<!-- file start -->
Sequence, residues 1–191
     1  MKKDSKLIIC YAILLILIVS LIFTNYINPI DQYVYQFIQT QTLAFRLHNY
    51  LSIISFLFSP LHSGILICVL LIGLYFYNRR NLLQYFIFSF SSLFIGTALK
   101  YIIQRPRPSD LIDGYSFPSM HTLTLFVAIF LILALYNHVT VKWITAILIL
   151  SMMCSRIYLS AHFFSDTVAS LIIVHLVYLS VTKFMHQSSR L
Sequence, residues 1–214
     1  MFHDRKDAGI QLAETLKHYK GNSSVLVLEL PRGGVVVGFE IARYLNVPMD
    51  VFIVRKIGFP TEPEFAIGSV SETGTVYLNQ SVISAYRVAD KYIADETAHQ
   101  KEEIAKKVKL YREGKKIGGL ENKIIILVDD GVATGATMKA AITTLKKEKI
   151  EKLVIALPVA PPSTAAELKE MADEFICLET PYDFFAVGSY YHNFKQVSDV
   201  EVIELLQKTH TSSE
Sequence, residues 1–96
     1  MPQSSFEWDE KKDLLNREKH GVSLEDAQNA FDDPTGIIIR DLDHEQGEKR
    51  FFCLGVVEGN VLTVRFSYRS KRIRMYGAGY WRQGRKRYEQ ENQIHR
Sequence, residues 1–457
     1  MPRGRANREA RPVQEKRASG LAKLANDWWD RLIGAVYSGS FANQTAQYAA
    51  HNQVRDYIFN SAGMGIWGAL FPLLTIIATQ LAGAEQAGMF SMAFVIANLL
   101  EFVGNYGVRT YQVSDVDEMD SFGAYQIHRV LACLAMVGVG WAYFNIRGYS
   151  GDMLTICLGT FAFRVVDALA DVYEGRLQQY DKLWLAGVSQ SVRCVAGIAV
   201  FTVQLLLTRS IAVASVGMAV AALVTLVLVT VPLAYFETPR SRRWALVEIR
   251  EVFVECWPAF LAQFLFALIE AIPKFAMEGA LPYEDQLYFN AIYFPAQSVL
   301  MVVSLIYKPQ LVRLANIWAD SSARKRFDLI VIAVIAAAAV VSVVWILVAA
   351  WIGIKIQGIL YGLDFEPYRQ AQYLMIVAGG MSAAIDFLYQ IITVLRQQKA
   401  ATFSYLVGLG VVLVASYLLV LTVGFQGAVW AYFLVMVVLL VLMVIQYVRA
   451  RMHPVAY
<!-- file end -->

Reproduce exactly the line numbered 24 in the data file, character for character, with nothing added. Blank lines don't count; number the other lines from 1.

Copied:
   401  ATFSYLVGLG VVLVASYLLV LTVGFQGAVW AYFLVMVVLL VLMVIQYVRA